During the past few years, I've shot thousands of rounds at targets using rangefinder reticle scopes, and I've also used them on a significant number of centerfire rifle hunts for big game and varmints. Because of this experience, I feel qualified to tackle four of the most common questions regarding these high-tech riflescopes.
Do Rangefinder Reticles Work?
Yes, but in terms of providing an exact yardage, they aren't as accurate or fast as a laser rangefinder. There are three basic operating systems used in rangefinder reticle scopes. The first—and simplest—involves comparing a measuring device in the scope's field-of-view against a known-sized portion of an animal (or target). This means placing a circle, set of bars, dots or tick-marks on an animal. These measuring marks are scaled to match a given number of inches on an animal, usually 16 or 18 inches. There might be a number of measuring marks in the field-of-view that represent apparent image size at various ranges.
Another method of correlating measuring marks to a known-dimensioned part of an animal is to simply vary the power ring so the animal appears larger or smaller. Marks on the power ring will then indicate distance. This works with the simplest rangefinder reticle design: the duplex with 16- or 18-inch spacing between the ends of the posts. It's also employed in Leupold's Boone and Crockett Big Game Reticle. Leupold engraves two indicator marks on the power-ring that are used for medium or magnum performance cartridges.
The third rangefinding reticle design involves the use of mathematical equations and/or calculators or slide-rule devices. I'm talking about the Mildot, which in my opinion is one of the least understood and least user-friendly reticle designs—period. And that's because the process is just too complicated. Mildot scopes are actually used for mil-ranging, which involves a healthy dose of mathematics—and memorizing a formula or two—and most shooters don't like the idea of involving math into their shooting.
How Accurate Are Rangefinder Reticles?
There's no definite answer to that question because the shooter is a major variable. First, you have to understand how a particular reticle works, then you need to hold the reticle extremely still on an animal or target to ensure a good reading. Then, you have to interpolate what you're seeing. Sometimes this is quick and easy, but other times deciding where the scope markings fit onto an animal can be difficult.
I've tested several rangefinder reticles on life-sized deer decoys in the field at known distances, and my results weren't great. Some reticles worked well enough that I would've held properly for the known distance, but I had several reticles that simply took too long to be practical, or were incorrectly scaled so my accuracy suffered. In general, the reticles designed for tactical use performed better than those for sporting use.
Keep this in mind: Most game animals are shot within 200 yards, so rangefinder reticles aren't necessary for the vast majority of hunters in North America. Most deer rifles are sighted in to be dead-on at approximately 200 yards, so a hold on a deer's chest results in a quick kill in all but the longest of shots. Most hunters aren't sure where to hold at distances of 300 yards or more because of the inability to estimate distances accurately, as well as the lack of knowledge regarding bullet drop and wind-drift. For extremely long shots, say 500 yards, a rangefinder reticle will provide better distance info than you can "guestimate," but most shooters should never consider pulling the trigger at animals that far away.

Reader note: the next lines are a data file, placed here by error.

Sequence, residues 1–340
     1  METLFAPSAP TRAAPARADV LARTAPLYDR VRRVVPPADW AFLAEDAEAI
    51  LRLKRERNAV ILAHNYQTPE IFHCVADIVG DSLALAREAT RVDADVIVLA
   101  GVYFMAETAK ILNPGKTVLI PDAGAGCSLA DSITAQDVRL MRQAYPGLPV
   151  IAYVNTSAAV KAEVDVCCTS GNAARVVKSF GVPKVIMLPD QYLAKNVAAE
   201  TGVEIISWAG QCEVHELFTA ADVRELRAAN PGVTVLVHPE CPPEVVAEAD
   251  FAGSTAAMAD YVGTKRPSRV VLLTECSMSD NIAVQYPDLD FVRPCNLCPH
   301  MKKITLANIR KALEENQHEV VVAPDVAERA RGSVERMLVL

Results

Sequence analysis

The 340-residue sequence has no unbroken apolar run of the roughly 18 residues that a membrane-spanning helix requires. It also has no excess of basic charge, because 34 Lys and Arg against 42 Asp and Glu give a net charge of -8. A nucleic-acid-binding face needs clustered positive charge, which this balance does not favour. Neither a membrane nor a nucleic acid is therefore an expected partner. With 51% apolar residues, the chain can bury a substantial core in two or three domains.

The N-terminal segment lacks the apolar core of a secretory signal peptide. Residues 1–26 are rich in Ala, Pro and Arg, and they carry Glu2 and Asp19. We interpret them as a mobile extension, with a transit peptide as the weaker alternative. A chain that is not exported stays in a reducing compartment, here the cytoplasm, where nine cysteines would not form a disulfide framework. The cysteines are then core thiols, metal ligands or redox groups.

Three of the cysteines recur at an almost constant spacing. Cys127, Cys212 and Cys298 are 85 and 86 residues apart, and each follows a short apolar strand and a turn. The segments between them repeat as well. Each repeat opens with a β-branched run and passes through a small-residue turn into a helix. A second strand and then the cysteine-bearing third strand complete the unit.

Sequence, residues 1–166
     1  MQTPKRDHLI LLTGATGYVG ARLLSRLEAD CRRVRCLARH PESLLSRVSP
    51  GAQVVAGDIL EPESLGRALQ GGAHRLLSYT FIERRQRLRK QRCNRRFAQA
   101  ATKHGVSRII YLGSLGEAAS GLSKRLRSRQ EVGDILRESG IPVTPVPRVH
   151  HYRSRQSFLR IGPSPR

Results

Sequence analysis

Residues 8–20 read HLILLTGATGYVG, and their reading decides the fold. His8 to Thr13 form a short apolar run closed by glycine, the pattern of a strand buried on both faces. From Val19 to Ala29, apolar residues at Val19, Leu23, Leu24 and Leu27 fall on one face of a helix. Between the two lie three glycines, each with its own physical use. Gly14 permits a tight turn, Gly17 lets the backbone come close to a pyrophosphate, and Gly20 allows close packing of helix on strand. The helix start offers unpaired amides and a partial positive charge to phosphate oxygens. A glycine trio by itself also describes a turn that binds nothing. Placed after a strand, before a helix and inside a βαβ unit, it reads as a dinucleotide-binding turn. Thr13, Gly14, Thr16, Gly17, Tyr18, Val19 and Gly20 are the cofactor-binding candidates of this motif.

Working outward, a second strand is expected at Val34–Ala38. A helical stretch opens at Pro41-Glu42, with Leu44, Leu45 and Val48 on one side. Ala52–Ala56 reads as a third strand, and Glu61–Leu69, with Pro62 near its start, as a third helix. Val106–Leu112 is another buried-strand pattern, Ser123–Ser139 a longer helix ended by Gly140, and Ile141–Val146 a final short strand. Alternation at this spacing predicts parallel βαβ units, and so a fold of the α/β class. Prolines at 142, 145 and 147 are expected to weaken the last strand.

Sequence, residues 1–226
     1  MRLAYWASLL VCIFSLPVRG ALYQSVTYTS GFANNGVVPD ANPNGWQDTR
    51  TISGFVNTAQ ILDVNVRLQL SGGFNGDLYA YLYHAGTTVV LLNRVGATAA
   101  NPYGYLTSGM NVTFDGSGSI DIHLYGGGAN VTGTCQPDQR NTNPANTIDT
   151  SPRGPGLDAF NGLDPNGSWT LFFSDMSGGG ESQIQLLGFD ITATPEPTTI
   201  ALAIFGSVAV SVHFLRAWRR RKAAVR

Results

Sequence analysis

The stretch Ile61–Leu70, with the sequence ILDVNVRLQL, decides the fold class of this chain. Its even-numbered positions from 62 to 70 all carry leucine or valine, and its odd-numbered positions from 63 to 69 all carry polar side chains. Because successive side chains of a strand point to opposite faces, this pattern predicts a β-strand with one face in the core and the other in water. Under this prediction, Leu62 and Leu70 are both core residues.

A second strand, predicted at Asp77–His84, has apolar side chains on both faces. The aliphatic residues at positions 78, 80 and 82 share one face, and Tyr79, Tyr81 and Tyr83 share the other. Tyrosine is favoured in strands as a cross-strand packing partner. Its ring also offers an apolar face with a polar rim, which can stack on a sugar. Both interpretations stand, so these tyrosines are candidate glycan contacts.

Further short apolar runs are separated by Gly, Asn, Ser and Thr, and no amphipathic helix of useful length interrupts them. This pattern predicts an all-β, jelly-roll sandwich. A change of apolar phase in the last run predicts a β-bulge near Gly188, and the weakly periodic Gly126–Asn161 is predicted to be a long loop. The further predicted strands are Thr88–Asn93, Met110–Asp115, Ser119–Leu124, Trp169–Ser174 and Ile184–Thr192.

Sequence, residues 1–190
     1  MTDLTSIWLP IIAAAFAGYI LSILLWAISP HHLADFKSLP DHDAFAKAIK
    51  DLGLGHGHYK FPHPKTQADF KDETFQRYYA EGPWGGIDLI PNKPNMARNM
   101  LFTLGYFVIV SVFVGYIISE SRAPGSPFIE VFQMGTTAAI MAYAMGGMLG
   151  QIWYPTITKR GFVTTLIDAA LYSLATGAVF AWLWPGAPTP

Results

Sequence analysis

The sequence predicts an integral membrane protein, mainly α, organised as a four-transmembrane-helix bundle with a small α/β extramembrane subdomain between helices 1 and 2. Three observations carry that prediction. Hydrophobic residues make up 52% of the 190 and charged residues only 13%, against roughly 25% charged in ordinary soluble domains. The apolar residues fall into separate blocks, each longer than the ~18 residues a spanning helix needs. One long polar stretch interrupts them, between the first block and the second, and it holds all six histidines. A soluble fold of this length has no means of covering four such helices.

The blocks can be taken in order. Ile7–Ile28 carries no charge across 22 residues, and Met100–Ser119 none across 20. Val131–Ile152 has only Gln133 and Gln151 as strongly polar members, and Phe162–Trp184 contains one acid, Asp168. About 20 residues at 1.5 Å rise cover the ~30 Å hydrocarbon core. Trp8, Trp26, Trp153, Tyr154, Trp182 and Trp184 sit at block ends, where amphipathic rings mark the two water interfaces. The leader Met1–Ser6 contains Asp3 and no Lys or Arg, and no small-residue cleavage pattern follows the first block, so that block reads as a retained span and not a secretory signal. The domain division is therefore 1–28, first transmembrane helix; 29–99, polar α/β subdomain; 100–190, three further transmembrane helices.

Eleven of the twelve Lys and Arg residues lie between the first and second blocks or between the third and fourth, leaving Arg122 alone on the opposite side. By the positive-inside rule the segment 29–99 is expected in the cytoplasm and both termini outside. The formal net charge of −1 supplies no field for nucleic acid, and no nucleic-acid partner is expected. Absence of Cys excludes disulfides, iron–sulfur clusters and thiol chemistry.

Which Rangefinder Scope Is Best?
The popular duplex reticles were some of the earliest and simplest rangefinder scopes, and they still work well. Then, T.D. Smith developed his excellent TDS reticle that's licensed by Swarovski and Kahles. The TDS system works so well that the multiple bar concept has been copied by several other scope manufacturers.
By far the most complex and accurate rangefinder reticle I've used is the Horus from a company called Horus Vision. No other reticle offers so many hold-off and ranging options. The downside is the Horus patterns dominate a significant percentage of the field-of-view. Once you get used to the grid and scales, however, this isn't a problem. Where the TDS reticle has four vertical hold-off points, the Horus has up to 15 or 16 vertical bars and a maximum of 50 bars and tic-marks horizontally. The Horus is a very good long-range reticle, but it does require a bit of practice.
My favorite rangefinder reticle is the NP-R2 from Nightforce. It employs minutes-of-angle that are the same graduations as on my scope turrets, which makes for simpler calculations. I've taken numerous animals with the R2 using hold-offs and adjusting the turrets for elevation and wind. My longest hold-off shot was just more than 700 yards on a whitetail during a CWD deer cull in my home province of Saskatchewan. The deer died in its tracks. I was so confident in my bullet placement with the scope that I shot a second animal at the same distance later in the day.
Are Rangefinder Reticles A Viable Hunting Tool?
Yes—for some hunters. I prefer to get as close as possible to an animal to ensure proper shot placement, but there are habitat types and game animals that demand longer shots, and this is where a rangefinder scope is valuable. Obviously, there's no reason to mount one on a close-range slug gun, but I do have them on a couple muzzleloaders and a variety of long-range centerfire rifles.
Truth be told, laser rangefinders have become so compact and affordable that I rarely use a scope's rangefinder reticle for estimating distance. But if the batteries fail in my laser rangefinder, or I forget to pack it, a rangefinding scope is a great back-up. Obviously, the secret is to practice with your rifle and scope so you can confidently place your shots with lethal accuracy from a variety of distances.